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The Cryosphere An interactive open-access journal of the European Geosciences Union
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Discussion papers
https://doi.org/10.5194/tc-2019-232
© Author(s) 2019. This work is distributed under
the Creative Commons Attribution 4.0 License.
https://doi.org/10.5194/tc-2019-232
© Author(s) 2019. This work is distributed under
the Creative Commons Attribution 4.0 License.

Submitted as: research article 22 Oct 2019

Submitted as: research article | 22 Oct 2019

Review status
This discussion paper is a preprint. It is a manuscript under review for the journal The Cryosphere (TC).

Ice shelf rift propagation: stability, three dimensional effects, and the role of marginal weakening

Bradley Paul Lipovsky Bradley Paul Lipovsky
  • Department of Earth and Planetary Sciences, Harvard University, USA

Abstract. Understanding the processes that govern ice shelf extent are of fundamental importance to improved estimates of future sea level rise. In present-day Antarctica, ice shelf extent is most commonly determined by the propagation of through-cutting fractures called ice shelf rifts. Here, I present the first three-dimensional analysis of ice shelf rift propagation. I present a linear elastic fracture mechanical (LEFM) description of rift propagation. The model predicts that rifts may be stabilized when buoyant flexure results in contact at the tops of the near-tip rift walls. This stabilizing tendency may be overcome, however, by processes that act in the ice shelf margins. In particular, both marginal weakening and the advection of rifts into an ice tongue are shown to be processes that may trigger rift propagation. Marginal shear stress is shown to be the determining factor that governs these types of rift instability. I furthermore show that rift stability is closely related to the transition from uniaxial to biaxial extension known as the compressive arch. Although the partial contact of rift walls is fundamentally a three-dimensional process, I demonstrate that it may be parameterized within more numerically efficient two-dimensional calculations. This study provides a step towards a description of calving physics that is based in fracture mechanics.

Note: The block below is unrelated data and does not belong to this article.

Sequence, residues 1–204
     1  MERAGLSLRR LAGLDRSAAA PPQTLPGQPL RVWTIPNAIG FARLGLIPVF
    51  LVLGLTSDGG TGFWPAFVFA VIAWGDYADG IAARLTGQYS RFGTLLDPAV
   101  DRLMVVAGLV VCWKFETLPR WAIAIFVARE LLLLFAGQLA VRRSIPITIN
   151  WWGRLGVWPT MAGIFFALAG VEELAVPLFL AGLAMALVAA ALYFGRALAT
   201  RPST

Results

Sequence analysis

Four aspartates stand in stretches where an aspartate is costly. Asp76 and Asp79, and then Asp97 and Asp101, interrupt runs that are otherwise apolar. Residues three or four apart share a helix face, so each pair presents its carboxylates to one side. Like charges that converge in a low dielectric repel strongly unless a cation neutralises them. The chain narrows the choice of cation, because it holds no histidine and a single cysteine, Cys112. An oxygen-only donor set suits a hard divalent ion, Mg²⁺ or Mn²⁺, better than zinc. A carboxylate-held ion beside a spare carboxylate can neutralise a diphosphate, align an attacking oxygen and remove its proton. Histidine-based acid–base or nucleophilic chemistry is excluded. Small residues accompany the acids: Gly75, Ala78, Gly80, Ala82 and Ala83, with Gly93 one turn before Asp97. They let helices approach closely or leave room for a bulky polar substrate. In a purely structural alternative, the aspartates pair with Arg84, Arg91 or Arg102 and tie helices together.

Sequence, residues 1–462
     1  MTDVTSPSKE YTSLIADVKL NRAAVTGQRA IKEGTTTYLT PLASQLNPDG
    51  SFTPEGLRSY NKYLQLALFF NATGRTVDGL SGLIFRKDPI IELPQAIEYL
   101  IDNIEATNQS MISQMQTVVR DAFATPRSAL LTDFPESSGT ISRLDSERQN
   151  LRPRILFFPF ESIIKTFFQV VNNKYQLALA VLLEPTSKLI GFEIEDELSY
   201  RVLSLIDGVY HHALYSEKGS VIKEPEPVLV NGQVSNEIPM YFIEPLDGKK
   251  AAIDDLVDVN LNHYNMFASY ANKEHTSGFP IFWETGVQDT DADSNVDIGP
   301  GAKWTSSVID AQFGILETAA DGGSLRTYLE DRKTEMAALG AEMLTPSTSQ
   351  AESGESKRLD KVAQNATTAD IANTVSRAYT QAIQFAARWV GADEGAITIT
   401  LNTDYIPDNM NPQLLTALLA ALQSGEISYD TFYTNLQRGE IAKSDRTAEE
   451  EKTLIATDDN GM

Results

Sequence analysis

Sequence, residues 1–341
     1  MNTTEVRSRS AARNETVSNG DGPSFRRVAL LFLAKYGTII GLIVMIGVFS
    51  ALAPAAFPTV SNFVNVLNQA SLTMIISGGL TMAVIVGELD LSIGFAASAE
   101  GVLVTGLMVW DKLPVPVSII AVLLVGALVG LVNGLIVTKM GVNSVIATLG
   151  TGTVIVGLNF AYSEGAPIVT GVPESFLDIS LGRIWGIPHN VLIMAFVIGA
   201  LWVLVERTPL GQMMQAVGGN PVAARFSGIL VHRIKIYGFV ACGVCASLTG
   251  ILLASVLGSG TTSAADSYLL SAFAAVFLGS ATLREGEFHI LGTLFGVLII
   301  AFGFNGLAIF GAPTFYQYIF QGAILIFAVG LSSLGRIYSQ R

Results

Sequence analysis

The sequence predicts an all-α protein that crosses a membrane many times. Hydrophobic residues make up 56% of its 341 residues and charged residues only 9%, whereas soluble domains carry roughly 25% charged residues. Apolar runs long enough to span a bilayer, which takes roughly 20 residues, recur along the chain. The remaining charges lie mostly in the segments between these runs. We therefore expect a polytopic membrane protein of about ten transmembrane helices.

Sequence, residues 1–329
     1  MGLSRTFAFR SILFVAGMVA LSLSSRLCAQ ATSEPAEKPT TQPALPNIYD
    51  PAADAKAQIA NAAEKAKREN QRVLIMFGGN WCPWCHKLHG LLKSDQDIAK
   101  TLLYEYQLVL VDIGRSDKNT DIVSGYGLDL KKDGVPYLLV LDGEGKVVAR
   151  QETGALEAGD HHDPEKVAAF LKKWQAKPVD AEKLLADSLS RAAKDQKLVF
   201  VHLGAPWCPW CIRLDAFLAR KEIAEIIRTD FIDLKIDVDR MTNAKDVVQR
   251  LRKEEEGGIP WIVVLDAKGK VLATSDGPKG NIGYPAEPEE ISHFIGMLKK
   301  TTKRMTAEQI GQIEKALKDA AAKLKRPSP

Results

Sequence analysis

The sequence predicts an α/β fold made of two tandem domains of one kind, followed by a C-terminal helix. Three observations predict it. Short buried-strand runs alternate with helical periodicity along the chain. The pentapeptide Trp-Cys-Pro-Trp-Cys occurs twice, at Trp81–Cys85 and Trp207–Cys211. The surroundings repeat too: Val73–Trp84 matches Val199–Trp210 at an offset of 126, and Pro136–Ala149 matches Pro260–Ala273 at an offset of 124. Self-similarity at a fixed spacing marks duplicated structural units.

Bradley Paul Lipovsky
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Bradley Paul Lipovsky
Bradley Paul Lipovsky
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Latest update: 21 Nov 2019
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Short summary
Ice shelves promote the stability of marine ice sheets and therefore reduce the ice sheet contribution to sea level rise. Ice shelf rifts are through-cutting fractures that jeopardize this stabilizing tendency. Here, I carry out the first-ever 3D modeling of ice shelf rifts. I find that the overall ice shelf geometry -- particularly the ice shelf margins-- alters rift stability. This work paves the way to a more realistic depiction of rifting in ice sheet models.
Ice shelves promote the stability of marine ice sheets and therefore reduce the ice sheet...
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